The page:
Why Is Adams Choosing Migrants Over NYPD?

New York City Mayor Eric Adams recently revealed the city’s updated 2024 financial plan, which includes a series of budget cuts as the city grapples with the challenges posed by a significant influx of migrants.

The financial plan outlines a reduction in the workforce of the New York Police Department (NYPD), aiming to bring the number of officers down to just 29,000 by the end of fiscal year 2025. This would mark the lowest staffing level since the mid-1990s. The plan also indicates the cancellation of the next five police academy classes, a move that will strain the already stretched department, especially as approximately 4,500 officers are expected to leave their positions within the next 18 months.

Critics have expressed frustration with these cuts, with Council Republican Minority Leader Joe Borelli denouncing the move as fulfilling the wishes of the “defund the police” movement. Borelli pointed out the irony that budget cuts to the police force are being made to fund services for migrants.

The New York City Fire Department (FDNY) is also facing budget reductions, particularly impacting members on “long-term light duties” – those who have been injured on the job or are out sick. Under the plan, these individuals are forced into early retirement or termination. Andrew Ansbro, President of the FDNY’s union, criticized these budget cuts, arguing that a different approach should have been taken to protect essential life-saving agencies like the FDNY and NYPD.

In addition to these austerity measures, the city is set to close public libraries on weekends and cut nearly $550 million from its Education Department. This follows previous cuts that impacted services for senior citizens, prisoners, and childcare for three-year-olds. The removal of sidewalk trash cans has raised concerns about worsening sanitation issues in the city.

Mayor Adams is also reportedly working on extending the city’s contract with local hotels to house asylum seekers for up to three more years, at a significantly increased cost of $1.365 billion, nearly five times the original deal. This is in addition to the expenses incurred by city facilities and other rented sites housing homeless migrants.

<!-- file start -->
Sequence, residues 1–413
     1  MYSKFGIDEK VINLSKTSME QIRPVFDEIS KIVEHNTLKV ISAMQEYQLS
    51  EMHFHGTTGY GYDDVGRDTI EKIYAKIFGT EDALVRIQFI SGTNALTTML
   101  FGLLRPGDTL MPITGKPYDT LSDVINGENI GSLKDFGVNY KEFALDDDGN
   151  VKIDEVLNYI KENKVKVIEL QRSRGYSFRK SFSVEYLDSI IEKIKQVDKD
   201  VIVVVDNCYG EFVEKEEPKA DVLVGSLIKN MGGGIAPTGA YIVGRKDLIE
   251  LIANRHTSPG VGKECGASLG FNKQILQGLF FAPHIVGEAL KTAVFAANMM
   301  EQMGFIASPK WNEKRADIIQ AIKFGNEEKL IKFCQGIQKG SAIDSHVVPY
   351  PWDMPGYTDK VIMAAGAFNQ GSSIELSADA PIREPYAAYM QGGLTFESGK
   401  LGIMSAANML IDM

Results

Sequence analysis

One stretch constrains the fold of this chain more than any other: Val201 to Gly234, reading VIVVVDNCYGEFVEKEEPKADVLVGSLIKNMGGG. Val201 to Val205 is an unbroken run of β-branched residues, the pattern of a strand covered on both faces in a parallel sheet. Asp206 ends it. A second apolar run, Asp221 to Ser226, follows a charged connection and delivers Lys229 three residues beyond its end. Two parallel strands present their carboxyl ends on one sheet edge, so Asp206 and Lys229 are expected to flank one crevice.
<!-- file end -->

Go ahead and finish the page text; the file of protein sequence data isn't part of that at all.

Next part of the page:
These decisions have drawn criticism from experts who question the need for such extensions and the lack of competitive bids to lower costs. Some argue that the extensions benefit a select few at the expense of taxpayers.

Democratic Queens Councilman Robert Holden described the migrant crisis as a financial “boondoggle” and called for a reevaluation of the city’s approach. He emphasized that “Right to Shelter” shouldn’t be interpreted as a global entitlement, referencing NYC’s law guaranteeing shelter to the homeless, including asylum seekers.

Mayor Adams has appealed to New York’s wealthiest residents, urging them to support organizations and advocate for federal support. He stressed the city’s importance as an economic hub and called for a collective effort to address the challenges posed by the migrant crisis.

New York City has seen over 130,000 migrants arrive since last year as a result of the ongoing crisis at the southern border. While this number is relatively small compared to the broader national context, Mayor Adams has voiced concerns that the crisis could have a detrimental impact on the city.